Unfortunately, extricating ourselves from the legal tangle that we've stumbled into through the use of prolonged extra-judicial detentions and torture at Gitmo won't be easy. Too many detainees are stuck in limbo: for those found innocent, their home countries won't take them back. For those that are threats, putting them into a legitimate legal system would likely lead to their release due to the rights violations already committed against them. Parsing detainees that are credible threats from those that aren't is also complicated by the legal process issues.
It is a colossal mess that provides no easy ways out, or answers that don't entail their own drawbacks: most likely, we will either be forced to release terrorist threats or detain innocent people for life. It is understandable that many policymakers grapple with these choices, and rue opening this Pandora's Box.
Just think, though: President Romney would want to add another wing! He wants us to dig deeper into that hole. No remorse, no regrets. And the audience loved it. Amazing.
Romney, of course, has provided us with multiple examples of his ignorance - and something tells me he's not quite done yet. Spackerman explains one of Romney's recent episodes, which came while discussing the importance of capturing bin Laden:
But I don't want to buy into the Democratic pitch, that this is all about one person, Osama bin Laden. Because after we get him, there's going to be another and another.
Bin Laden is a singular figure, but, you know, fair enough; there will be a successor to bin Laden. But where might Romney be going with this?
This is about Shi'a and Sunni. This is about Hezbollah and Hamas and al Qaeda and the Muslim Brotherhood. This is the worldwide jihadist effort to try and cause the collapse of all moderate Islamic governments and replace them with a caliphate.
Mitt Romney's War: the total conflation of all Islamist movements. Not only is the Muslim Brotherhood not a jihadist organization, but its very lack of jihadiness is what spawned Ayman Zawahiri's Egyptian Islamic Jihad. Suffice it to say that there is no caliphate on heaven or earth that will simultaneously satisfy Hezbollah, al-Qaeda, Hamas and the Muslim Brotherhood, which goes a long way toward explaining why there is no concerted "worldwide jihadist effort" by these groups to establish one.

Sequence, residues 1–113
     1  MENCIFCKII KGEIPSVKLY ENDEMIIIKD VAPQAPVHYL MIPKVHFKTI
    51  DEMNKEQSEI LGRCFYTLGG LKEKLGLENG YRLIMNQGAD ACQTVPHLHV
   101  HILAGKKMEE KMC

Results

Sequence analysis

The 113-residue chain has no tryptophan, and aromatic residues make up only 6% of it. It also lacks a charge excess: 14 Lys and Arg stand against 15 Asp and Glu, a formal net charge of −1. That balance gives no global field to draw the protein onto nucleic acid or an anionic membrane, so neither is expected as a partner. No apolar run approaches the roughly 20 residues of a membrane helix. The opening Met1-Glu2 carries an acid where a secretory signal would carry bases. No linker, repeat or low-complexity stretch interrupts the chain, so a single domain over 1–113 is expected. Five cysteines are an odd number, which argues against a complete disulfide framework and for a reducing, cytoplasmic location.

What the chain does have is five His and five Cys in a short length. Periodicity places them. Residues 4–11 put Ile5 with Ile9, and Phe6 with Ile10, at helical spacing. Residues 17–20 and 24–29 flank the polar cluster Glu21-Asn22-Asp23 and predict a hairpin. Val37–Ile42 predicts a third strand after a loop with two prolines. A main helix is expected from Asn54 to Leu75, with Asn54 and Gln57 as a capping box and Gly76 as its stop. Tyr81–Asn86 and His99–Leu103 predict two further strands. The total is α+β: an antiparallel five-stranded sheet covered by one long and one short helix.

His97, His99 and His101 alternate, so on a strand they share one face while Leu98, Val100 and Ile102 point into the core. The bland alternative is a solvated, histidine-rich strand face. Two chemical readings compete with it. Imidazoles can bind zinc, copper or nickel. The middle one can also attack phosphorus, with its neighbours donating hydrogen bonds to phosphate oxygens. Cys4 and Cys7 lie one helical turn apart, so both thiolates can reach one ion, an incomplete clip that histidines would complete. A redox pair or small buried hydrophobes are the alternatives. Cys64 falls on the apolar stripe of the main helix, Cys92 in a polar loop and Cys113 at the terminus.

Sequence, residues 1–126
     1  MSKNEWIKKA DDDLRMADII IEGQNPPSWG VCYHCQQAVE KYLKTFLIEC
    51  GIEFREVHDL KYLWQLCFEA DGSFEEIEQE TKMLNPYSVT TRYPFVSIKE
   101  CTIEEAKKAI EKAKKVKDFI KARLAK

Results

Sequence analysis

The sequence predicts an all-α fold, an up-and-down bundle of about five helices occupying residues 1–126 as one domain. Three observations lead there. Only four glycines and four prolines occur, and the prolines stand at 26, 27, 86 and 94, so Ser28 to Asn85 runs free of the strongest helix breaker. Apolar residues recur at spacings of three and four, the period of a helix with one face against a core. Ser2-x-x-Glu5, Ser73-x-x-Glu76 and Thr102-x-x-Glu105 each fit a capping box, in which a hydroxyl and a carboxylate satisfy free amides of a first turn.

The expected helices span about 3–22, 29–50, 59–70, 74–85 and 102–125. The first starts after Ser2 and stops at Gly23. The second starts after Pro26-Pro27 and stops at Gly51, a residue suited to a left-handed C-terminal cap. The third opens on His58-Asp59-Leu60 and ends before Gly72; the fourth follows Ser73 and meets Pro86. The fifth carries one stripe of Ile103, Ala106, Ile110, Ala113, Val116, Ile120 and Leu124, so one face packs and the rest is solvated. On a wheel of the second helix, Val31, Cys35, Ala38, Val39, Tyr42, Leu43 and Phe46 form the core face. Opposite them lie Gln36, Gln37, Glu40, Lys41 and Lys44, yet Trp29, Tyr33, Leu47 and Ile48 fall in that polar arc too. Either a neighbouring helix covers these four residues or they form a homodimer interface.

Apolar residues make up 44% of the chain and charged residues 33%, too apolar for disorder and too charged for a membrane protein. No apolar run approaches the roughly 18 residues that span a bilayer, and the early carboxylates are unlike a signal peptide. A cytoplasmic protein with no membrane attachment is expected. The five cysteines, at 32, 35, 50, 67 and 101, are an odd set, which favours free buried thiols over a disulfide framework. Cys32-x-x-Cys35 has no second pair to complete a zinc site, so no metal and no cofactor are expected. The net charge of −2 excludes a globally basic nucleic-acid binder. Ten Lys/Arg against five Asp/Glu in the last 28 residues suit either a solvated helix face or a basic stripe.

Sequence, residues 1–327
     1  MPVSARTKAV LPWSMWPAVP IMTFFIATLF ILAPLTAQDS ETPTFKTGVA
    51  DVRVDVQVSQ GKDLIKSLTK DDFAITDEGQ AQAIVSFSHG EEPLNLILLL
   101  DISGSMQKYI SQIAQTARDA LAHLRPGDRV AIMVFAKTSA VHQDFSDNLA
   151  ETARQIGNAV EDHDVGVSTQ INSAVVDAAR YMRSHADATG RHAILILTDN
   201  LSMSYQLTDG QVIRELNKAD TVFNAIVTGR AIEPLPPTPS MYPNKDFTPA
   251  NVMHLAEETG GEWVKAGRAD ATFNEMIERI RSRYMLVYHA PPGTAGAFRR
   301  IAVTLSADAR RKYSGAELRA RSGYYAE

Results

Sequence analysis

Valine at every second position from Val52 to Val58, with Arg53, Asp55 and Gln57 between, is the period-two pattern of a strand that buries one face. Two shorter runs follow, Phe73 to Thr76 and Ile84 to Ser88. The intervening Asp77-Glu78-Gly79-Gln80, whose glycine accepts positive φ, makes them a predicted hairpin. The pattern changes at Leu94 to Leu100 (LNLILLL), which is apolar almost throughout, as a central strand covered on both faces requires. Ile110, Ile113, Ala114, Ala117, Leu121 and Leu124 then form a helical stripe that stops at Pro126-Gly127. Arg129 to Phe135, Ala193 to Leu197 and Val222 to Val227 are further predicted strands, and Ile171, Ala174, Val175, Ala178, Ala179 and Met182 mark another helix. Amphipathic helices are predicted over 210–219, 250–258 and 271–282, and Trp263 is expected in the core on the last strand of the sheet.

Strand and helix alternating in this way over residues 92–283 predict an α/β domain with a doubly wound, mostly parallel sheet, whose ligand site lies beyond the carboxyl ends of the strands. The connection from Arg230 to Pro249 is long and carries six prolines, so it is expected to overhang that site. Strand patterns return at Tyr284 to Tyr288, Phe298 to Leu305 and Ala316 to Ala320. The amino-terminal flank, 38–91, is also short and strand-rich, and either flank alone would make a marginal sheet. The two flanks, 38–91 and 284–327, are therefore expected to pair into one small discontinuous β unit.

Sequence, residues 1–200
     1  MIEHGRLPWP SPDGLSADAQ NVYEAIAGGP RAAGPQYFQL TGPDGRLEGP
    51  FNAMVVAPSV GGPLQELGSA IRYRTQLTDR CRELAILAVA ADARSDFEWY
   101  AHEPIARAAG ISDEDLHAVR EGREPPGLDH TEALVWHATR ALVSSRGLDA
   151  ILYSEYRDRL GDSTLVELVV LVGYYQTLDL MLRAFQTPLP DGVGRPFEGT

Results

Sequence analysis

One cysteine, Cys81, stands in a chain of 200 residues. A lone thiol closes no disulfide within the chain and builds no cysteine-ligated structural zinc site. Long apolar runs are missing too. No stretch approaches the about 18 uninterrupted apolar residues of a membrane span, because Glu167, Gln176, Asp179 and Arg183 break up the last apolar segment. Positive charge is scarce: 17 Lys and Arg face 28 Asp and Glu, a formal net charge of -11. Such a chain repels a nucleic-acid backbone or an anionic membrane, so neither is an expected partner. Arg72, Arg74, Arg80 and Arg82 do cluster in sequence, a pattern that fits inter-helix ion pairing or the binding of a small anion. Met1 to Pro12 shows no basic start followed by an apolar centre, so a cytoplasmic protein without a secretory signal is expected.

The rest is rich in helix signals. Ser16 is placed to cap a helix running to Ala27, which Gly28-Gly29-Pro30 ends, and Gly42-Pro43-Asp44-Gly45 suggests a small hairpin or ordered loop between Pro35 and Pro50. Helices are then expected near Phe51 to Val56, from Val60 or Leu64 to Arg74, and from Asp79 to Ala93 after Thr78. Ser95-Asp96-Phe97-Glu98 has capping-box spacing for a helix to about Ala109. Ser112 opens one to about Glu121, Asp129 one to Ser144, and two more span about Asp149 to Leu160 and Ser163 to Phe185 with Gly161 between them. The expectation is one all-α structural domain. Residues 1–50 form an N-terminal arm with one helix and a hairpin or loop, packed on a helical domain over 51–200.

It's hardly remarkable that Romney doesn't know what he's talking about. In this year's State of the Union, Bush forced the same conflation when he stated baldly, "The Shia and Sunni extremists are different faces of the same totalitarian threat." What's far more troublesome is that there's absolutely no political consequence for demonstrated ignorance about a jihadist phenomenon that motivates the wars in Afghanistan and Iraq -- precisely the sort of ignorance that will make the blithe forecasts of a global war expanding over generations a self-fulfilling prophesy.
That is my fear exactly. Shockingly, the tendency to mirror President Bush's simplistic conflation of various, unrelated and often conflicting Islamic groups is not Romney's alone. Giuliani, again, does his best to display his Bush bona-fides:
As for Iran, Mr. Giuliani said that “in the long term,” it might be “more dangerous than Iraq.”He then casually lumped Iran with Al Qaeda. “Their movement has already displayed more aggressive tendencies by coming here and killing us,” he said.
Mr. Giuliani was asked in an interview to clarify that, inasmuch as Iran had no connection to the Sept. 11 attacks. Further, most of its people are Shiites, whereas Al Qaeda is an organization of Sunnis.“They have a similar objective,” he replied, “in their anger at the modern world.”
The real kicker is that the boast that Giuliani made following up on that amateurish analysis isn't that far off the mark - at least in the realm of Republican candidates:
“It is something I understand better than anyone else running for president.”
I don't know what's worse, though: that the Republican Party promotes and supports such candidates, or that our media is almost completely derelict in its duty to report the parameters of this noxious blend of ignorance, bellicosity and disregard for human rights.
This is of paramount importance, though. The road to the Iraq invasion was one paved with these familiar raw materials - building blocks that will inevitably produce similar catastrophes, catastrophes that we cannot afford on any level. People are dying by the thousands. The military is straining and creaking under the pressure. Our budget is being drained at a time when greater fiscal flexibility is needed. This nation's focus and attention are being diverted from crucial problems such as environmental degradation. Vital regions of the world are being destabilized and conflict is percolating in multiple locations. Our status in the world is approaching all-time lows.Yet the entire Republican field (save Paul) would like to "double" that - and the crowds of faithful supporters love it. Precisely when this nation needs them most, our media is suffering from amnesia in real-time.